"Maybe it wasn't wasted. Maybe you just had to warm up for this time. Maybe you had to go through what you went through for this to mean something, to really mean something. Now it's your time. Take it."

"But, it's so hard. And, I'm so scared."

"Was getting a GED hard?"

"While raisin' a youngin' and workin'? You don't know the half of it. I was scared out of my wits after I messed up the first time. More so after the second and third time."

"But, you didn't let anything stop you. You a good waitress?"

"Best there is," she proudly replied with the first smile I saw. "And, my regulars think highly of me."

"Were you 'best there is' when you first began waitressing?"

"Honey," she giggled, "I couldn't balance a cup of coffee on a tray without spilling half of it and mixed up more orders than you can count. I was scared I'd be kicked out the door those first days. And, would have if my boss wasn't an understanding man. It was hard at first, but I kept......" She stopped, thought for a minute, smiled slightly. "I think I'm seeing your point."

We talked some more. I don't know how long I was standing by her truck, but it wasn't a short while. Good thing there was no traffic at that time of a Saturday morning.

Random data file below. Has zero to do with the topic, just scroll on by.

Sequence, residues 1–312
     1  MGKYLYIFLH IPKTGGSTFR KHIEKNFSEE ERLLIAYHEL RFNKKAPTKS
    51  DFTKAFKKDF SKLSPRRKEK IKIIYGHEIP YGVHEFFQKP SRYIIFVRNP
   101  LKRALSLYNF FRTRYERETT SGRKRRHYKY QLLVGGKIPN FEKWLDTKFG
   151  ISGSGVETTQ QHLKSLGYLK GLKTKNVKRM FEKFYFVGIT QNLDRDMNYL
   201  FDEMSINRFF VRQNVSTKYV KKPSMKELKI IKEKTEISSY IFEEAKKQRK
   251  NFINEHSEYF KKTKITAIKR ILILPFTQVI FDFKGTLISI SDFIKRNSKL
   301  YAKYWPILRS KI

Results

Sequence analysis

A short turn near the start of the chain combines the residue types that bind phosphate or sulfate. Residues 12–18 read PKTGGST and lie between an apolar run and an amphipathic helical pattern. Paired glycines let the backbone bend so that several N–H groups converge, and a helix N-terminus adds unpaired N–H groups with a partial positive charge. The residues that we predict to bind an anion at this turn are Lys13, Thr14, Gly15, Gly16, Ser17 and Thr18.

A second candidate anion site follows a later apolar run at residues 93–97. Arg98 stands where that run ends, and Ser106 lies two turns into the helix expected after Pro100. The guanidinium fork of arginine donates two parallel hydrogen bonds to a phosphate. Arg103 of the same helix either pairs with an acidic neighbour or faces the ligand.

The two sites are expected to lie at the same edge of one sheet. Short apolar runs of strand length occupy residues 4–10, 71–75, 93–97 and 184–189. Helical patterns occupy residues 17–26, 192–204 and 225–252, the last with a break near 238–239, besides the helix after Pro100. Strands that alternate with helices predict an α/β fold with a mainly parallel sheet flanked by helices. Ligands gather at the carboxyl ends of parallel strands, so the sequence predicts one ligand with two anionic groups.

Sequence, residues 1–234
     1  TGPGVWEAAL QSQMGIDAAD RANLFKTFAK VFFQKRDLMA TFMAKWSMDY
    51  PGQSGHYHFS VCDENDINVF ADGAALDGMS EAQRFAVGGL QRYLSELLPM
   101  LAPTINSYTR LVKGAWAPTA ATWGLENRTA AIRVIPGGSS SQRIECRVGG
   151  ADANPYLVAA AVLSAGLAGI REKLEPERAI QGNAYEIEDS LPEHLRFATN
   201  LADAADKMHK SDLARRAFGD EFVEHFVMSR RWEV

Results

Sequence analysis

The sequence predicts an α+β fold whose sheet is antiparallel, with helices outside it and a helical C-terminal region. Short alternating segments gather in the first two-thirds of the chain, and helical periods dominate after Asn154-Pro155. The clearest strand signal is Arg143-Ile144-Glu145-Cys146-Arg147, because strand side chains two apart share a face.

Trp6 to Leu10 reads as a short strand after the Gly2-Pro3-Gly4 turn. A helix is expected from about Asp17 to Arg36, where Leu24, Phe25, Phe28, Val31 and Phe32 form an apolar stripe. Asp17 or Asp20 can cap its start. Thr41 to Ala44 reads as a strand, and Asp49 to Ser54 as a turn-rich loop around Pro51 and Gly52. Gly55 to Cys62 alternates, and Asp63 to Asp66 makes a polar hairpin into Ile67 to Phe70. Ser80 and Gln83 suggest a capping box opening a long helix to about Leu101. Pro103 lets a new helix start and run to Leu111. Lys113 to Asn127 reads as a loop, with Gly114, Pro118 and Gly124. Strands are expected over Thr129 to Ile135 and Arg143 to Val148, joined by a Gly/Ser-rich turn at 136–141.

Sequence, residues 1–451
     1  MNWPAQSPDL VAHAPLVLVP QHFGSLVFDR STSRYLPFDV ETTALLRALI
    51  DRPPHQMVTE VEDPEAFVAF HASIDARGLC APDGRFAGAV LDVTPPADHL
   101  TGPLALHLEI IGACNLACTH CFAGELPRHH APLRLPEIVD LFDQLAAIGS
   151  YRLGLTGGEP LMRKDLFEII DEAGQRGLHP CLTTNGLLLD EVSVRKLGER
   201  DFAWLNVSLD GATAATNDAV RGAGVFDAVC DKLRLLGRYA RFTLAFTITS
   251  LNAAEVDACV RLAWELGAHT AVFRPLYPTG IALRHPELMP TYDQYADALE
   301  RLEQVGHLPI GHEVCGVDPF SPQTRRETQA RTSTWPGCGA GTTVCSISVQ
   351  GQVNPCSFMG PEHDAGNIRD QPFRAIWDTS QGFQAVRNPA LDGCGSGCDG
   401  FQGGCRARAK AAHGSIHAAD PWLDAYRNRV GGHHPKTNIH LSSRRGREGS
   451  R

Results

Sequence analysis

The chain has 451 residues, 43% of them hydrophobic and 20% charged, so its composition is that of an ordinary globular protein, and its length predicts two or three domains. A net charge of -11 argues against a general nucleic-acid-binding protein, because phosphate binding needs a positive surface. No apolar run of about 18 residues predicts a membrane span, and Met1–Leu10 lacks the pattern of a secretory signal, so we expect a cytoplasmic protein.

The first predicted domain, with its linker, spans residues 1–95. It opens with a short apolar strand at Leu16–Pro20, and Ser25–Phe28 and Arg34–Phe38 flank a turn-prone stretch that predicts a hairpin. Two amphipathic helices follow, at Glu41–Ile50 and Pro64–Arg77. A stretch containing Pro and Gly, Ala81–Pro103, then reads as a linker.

"I want to thank you for taking all this time from your exercise to help me. Why'd you do it? You don't know me from Adam."

"I told you. I'm a teacher. Let me know how things turn out and if I can help you around here in any way after you get admitted."

"I don't have anything to write down your name."

"Just ask around about the professor who power walks early in the morning. You'll find me."

"Will you know who I am? You got nothin' to write my name down."

"Just say you're the young lady in the red truck. I'll know. Now go relax and kick some butt."

"I will."

With that, she turned the ignition and drove off with a slight screech of the tires. Feeling like I had just lived the first scenes of EDUCATING RITA, while I stood there stunned, saying to myself, "What the hell just happened?"

I spent the rest of my walk and a good part of this weekend trying to answer that question. I'm not sure I have a handle on it yet.

         Make it a good day.


         Louis Schmier      
         Department of History
         Valdosta State University
         Valdosta, GA  31698                 /~\        /\ /\
         912-333-5947              /^\      /     \    /  /~\  \   /~\__/\
                                 /     \__/         \/  /  /\ /~\/         \
                          /\/\-/ /^\_____\____________/__/_______/^\
                        -_~    /  "If you want to climb mountains,   \ /^\
                         _ _ /      don't practice on mole hills" -    \____